Only a week out from Election Day, the power of every individual’s vote and the stakes of this presidential election seem more crucial this year than ever, especially for those who are voting for the first time. The election has already presented numerous concerns which make one question whether their vote will truly be counted—ranging from California Republicans who installed falsely labeled “official” ballot drop boxes, to the numerous “naked ballots” that Pennsylvania is expected to throw out. However, there are some Americans who have simply been denied their right to vote, namely those who have been convicted of felonies. The sheer number of disenfranchised formerly incarcerated individuals highlights the perpetuation of an overly punitive justice system and, in turn, the necessity for legislative change.
An estimated 5.2 million Americans cannot vote in the 2020 presidential election because they have been convicted of felonies, according to a report from the Sentencing Project. Of these people, about a quarter are actually incarcerated, and over 40 percent have completed their full sentence but remain unable to vote. Voting restrictions on returning citizens vary tremendously by state, ranging from no restrictions, to restrictions on prison, parole, probation, and post-sentence.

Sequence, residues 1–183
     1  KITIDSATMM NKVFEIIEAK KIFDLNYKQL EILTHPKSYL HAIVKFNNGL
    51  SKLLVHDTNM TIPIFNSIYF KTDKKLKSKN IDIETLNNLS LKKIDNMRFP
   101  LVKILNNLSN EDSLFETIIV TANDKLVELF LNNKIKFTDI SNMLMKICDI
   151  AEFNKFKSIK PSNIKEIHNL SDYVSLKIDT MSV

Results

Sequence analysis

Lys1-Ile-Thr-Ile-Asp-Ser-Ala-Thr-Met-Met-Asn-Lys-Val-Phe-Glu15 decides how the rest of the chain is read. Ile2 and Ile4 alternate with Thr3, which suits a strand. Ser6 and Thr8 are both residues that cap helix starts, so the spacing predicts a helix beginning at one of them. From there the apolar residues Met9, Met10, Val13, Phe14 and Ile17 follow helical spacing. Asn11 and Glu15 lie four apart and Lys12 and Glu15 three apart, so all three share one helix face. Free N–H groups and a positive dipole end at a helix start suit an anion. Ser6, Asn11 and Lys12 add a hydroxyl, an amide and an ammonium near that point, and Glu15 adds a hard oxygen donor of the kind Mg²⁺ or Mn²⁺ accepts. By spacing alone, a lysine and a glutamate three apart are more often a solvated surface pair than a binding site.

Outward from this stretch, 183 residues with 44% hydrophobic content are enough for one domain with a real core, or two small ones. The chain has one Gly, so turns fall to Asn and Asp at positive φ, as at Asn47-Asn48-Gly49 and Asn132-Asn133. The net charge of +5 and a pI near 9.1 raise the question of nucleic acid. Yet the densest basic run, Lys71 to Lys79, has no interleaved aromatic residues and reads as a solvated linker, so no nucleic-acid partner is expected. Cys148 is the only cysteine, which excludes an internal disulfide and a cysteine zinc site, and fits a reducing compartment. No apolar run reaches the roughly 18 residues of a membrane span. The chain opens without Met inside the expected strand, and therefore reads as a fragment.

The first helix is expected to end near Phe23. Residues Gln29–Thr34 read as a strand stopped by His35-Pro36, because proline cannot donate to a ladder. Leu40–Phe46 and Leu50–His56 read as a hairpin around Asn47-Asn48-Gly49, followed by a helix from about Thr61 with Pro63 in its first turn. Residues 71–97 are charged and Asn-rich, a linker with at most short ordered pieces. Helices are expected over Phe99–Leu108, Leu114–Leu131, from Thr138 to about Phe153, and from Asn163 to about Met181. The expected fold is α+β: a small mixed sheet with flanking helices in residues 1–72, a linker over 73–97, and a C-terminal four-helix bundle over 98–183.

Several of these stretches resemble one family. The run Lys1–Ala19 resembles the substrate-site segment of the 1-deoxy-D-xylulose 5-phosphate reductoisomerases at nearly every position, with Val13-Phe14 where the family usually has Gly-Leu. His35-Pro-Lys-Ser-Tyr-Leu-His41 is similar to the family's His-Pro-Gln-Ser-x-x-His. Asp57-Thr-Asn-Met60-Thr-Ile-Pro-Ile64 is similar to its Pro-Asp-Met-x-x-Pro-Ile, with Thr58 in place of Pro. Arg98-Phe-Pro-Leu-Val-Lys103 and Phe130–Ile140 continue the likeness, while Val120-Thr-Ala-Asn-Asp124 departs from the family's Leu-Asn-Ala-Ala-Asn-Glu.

Felony disenfranchisement highlights the pervasive role of systemic racism in our country as it disproportionately affects communities of color. The Sentencing Project report found that African Americans are disenfranchised by felony records at almost four times the rate of others, and in seven states—Alabama, Florida, Kentucky, Mississippi, Tennessee, Virginia, and Wyoming—more than one in seven Black adults are disenfranchised. The disproportionate disenfranchisement of Black people finds its roots in the systemic racism and racial profiling that plague the criminal justice system, which has led to African-American adults being 5.9 times more likely to be incarcerated than white adults.